A strategy for the implementation of of the 'guideline on good pharmacovigilance practices (GVP) for Arab countries' in countries with nascent pharmacovigilance systems: the case of Kuwait

  • Hamza Garashi

Student thesis: Phd


Background - Pharmacovigilance (PV) plays a vital role in ensuring medicines' safety. Differences among countries in the incidence, pattern, and severity of adverse drug reactions (ADRs) mean that it is essential for each country to have a PV system. Although PV is generally well established in developed nations, it remains underdeveloped in a number of countries, including the Arab World and Kuwait in particular. To unify PV practice across the Arab World, the Arab League developed the guideline on good PV practices (GVP) for Arab countries. As Arab countries seek to implement the guideline, understanding what helps and hinders implementation in Arab countries with more or less developed systems can inform improved PV system performance as well as policy development and implementation. This study aimed to explore and identify the key factors impacting PV system performance and policy implementation in Kuwait and other Arab countries with more established PV systems to inform recommendations for strengthening PV in Kuwait. Method - Three studies were undertaken to address the above aim. Informed by the World Health Organisation (WHO) PV indicators, Study One systematically reviewed literature evaluating PV systems' performance in developing countries. Using the WHO PV indicators as a framework, Study Two employed a mixed-methods approach involving document review, semi-structured interviews, and a survey to explore PV systems' structures, processes, and outcomes, and to offer in-depth understanding of strengths and limitations in Jordan, Oman, and Kuwait. In Study Three, Matland's ambiguity-conflict model of policy implementation served to frame semi-structured interviews exploring the mechanisms of and factors influencing PV policy implementation in Jordan, Oman, and Kuwait. Results - Study One revealed that overall system performance was poor and varied widely from one country to another. Moreover, it highlighted the scarcity of research providing an in-depth exploration of countries' PV systems' performance and policy implementation as well as the factors impacting them. In Study Two, system strengths were attributed to the presence of "core" structural indicators including a dedicated and officially recognised PV centre, PV legislation, and a national PV advisory committee, as well as "complementary" structural indicators e.g. a computerised case-report management system. Weaknesses were attributed to the absence of these indicators plus other "core" structural indicators, namely regular financial provision, and adequate staff. Other weaknesses were attributed to low performance in "core" process and outcome indicators including reporting rates, reporter awareness, and signal detection. Study Three found that PV policy ambiguity and conflict were low in Jordan and Oman suggesting an "administrative implementation" pathway. In Kuwait, policy ambiguity was high while sentiments about policy conflict were varied suggesting a mixture between "experimental implementation" and "symbolic implementation". Conclusion - This programme of research highlighted the need for applying a holistic and stepwise approach to strengthening PV policy implementation and subsequent system performance that considers countries' resources and infrastructure. Informed by insight gained from the three studies, recommendations for strengthening PV policy implementation and subsequent system performance in Kuwait and other Arab countries with nascent systems were made.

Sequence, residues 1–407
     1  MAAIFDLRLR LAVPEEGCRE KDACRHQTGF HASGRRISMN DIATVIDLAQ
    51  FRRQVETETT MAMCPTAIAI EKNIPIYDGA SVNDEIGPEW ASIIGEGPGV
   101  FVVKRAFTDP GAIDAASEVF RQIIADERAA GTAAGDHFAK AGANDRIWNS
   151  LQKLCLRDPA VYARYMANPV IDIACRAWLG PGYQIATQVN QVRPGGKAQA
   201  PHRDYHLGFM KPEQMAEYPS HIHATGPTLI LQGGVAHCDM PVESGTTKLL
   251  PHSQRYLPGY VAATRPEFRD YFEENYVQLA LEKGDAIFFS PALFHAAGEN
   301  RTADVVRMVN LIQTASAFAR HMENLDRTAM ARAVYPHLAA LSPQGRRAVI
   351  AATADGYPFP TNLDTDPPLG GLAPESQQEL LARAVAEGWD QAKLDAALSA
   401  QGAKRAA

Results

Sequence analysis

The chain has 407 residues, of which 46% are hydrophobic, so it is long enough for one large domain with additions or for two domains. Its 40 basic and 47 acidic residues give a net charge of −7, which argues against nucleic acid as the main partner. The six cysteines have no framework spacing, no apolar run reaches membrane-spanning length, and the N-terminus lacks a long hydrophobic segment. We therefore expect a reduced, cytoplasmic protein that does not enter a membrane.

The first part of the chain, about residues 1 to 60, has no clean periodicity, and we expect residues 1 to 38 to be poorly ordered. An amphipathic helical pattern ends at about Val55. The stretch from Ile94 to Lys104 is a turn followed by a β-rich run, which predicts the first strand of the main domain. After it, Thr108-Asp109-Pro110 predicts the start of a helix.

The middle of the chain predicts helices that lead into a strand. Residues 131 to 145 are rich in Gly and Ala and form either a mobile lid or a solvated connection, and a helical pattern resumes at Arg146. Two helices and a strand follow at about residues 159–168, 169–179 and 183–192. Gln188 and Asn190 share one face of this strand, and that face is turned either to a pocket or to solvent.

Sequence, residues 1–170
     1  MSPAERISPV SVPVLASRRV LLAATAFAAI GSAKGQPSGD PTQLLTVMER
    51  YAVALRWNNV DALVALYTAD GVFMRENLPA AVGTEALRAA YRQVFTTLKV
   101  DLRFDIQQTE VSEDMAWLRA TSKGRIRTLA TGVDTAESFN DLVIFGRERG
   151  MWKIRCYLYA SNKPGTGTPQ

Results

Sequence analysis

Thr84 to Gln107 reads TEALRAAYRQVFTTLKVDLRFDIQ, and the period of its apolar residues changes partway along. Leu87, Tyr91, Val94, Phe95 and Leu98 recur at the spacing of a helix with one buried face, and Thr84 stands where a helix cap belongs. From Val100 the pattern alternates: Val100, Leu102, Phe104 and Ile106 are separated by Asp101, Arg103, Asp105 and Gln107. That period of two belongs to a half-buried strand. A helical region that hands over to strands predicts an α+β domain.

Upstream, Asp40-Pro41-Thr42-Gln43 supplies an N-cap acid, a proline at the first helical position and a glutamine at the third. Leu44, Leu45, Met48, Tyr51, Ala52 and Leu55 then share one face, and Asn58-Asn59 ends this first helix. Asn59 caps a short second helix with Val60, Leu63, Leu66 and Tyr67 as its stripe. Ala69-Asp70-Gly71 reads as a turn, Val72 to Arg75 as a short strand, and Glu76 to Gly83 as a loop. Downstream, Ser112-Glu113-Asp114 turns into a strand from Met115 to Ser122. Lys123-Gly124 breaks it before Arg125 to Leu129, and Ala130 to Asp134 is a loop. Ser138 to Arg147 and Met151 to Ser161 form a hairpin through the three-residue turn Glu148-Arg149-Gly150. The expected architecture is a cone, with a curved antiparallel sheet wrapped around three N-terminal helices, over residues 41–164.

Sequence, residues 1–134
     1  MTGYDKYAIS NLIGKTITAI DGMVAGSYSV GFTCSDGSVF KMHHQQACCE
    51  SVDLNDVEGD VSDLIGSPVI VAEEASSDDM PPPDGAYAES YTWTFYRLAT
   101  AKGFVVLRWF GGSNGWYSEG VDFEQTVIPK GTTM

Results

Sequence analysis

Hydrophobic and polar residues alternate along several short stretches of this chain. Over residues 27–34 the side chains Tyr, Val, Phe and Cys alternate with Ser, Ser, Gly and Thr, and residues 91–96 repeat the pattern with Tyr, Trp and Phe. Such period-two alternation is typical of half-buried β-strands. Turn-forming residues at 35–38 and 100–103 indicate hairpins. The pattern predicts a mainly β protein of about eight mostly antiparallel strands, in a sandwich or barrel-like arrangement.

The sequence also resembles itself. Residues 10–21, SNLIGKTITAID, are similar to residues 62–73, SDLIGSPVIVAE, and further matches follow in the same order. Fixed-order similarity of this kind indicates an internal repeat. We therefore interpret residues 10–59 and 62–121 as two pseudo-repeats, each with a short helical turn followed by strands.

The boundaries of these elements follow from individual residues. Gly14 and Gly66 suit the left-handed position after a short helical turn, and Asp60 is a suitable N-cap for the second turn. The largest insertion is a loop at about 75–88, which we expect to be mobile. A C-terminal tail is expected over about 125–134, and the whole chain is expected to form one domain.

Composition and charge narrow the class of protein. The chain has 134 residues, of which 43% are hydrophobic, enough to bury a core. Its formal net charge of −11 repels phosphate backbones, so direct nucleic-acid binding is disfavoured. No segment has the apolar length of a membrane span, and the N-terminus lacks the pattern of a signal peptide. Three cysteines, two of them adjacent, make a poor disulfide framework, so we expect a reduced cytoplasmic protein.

Date of Award31 Dec 2022
Original languageEnglish
Awarding Institution
  • The University of Manchester
SupervisorEllen Schafheutle (Supervisor) & Douglas Steinke (Supervisor)


  • Adverse Drug Reactions
  • Arab World
  • System Performance
  • Policy Implementation
  • Pharmacovigilance
  • Developing Countries

Cite this